After Sandy: Caribbeans can count on CACCI

After Sandy: Caribbeans can count on CACCI

Business was the order of a breakfast meeting recently at Borough Hall in Brooklyn where members of Caribbean American Chamber of Commerce Inc. (CACCI) culled problem solvers and experts in various professions to aid victims of Hurricane Sandy.

The resourceful morning session attracted residents of New York and New Jersey affected by Hurricane Sandy since Oct. 27.

Members of the organization banded to help Caribbean nationals and displaced nationals who were affected when water and wind shattered the lives of thousands.

A panel of experts flooded information that will speed recovery and perhaps lessen anxiety for many who are finding difficulty maneuvering through the bureaucracy of government.

“We need a faith lift,” Rev. Dennis Dillon said.

“Now is when organizations are important,” Roy Hastick, president and CEO of CACCI said. He added that the organization he founded stands ready to help provide opportunities for the needy to tap into the $30 billion Gov. Andrew Cuomo has earmarked for reparations.

He joined with others to emphasize that exploitation is prevalent and everyone should be wary of spurious individuals.

Representatives from the Brooklyn Chamber of Commerce bolstered hopes by providing answers to many of the queries of concern.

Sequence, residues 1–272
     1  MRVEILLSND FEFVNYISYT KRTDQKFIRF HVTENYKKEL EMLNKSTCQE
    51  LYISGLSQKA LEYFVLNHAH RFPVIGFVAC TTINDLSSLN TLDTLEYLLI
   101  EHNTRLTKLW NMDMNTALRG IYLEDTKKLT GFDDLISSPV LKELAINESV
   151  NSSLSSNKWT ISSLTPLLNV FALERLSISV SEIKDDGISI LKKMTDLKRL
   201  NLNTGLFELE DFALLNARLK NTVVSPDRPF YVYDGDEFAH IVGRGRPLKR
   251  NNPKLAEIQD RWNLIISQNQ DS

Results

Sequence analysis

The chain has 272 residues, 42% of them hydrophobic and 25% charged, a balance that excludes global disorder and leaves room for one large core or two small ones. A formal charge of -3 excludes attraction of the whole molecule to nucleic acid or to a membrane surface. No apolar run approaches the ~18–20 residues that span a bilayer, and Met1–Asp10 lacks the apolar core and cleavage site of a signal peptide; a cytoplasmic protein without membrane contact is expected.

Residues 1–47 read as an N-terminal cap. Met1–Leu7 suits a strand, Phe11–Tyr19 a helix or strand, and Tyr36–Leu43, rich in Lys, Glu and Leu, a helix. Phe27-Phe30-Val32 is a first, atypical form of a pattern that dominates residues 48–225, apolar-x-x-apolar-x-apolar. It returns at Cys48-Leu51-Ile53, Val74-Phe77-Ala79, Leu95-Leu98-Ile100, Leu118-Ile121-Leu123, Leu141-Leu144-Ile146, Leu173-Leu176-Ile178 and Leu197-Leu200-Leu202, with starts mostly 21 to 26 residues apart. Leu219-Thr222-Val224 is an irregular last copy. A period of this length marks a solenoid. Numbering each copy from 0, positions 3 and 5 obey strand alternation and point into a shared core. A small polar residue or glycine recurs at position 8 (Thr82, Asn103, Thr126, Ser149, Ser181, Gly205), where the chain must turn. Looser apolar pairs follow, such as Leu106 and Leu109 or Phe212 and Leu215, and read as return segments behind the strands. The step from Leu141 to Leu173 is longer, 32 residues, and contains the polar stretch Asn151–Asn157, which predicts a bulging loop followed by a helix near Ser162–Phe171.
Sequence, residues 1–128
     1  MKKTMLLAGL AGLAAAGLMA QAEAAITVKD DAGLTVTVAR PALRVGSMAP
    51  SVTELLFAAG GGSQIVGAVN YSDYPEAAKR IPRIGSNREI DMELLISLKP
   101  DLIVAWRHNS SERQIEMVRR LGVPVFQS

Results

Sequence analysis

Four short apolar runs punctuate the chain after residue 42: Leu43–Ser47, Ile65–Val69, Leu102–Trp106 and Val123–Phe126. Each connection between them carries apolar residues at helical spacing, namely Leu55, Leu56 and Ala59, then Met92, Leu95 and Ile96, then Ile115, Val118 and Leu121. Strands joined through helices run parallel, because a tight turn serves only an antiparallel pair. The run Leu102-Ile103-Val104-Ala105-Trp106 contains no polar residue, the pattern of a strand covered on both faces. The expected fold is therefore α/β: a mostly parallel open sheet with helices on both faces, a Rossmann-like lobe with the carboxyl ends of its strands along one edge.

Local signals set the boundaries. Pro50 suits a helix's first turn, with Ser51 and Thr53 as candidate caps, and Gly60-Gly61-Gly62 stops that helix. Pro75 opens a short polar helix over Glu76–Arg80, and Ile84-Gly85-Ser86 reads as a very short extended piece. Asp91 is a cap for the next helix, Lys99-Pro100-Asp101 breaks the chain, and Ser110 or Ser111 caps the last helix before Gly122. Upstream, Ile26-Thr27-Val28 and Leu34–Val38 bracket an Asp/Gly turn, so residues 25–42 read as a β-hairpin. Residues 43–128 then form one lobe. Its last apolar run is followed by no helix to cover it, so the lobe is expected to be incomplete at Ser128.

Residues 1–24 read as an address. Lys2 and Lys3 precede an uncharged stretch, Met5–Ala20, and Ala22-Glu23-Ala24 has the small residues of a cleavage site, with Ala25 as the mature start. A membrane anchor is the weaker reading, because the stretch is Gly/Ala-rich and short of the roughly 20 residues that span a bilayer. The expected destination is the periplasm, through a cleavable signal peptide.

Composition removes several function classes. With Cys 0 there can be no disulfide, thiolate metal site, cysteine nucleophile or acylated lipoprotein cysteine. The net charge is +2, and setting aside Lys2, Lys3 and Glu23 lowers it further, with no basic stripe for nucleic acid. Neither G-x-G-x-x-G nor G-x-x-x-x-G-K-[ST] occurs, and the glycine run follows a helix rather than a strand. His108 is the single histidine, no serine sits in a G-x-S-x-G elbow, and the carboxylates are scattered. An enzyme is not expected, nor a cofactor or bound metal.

Does the IRS provide tax relief?

What if I am employed by a business that suffered damage?

What services does the city and state provide?

What do I do if my business suffered damage that is not covered by insurance?

A fact sheet provided responses to those and a myriad of other questions.

Application for filing for disaster loans were in abundance. Filing deadline date for physical damage is Dec. 31. For economic injury, the deadline is July 31, 2013.

Temporary work space at 25 Elm St. is available immediately through the end of the year.

According to Carlo A. Scissura, president of the BCC “Together we can help businesses rebuild bigger and better than before and continue to make Brooklyn the wonderful place we all know it is.”

Scissura said he can be reached directly at 917-622-4063 or by email at [email protected]

A web portal is also available to provide relief to small business. Log on to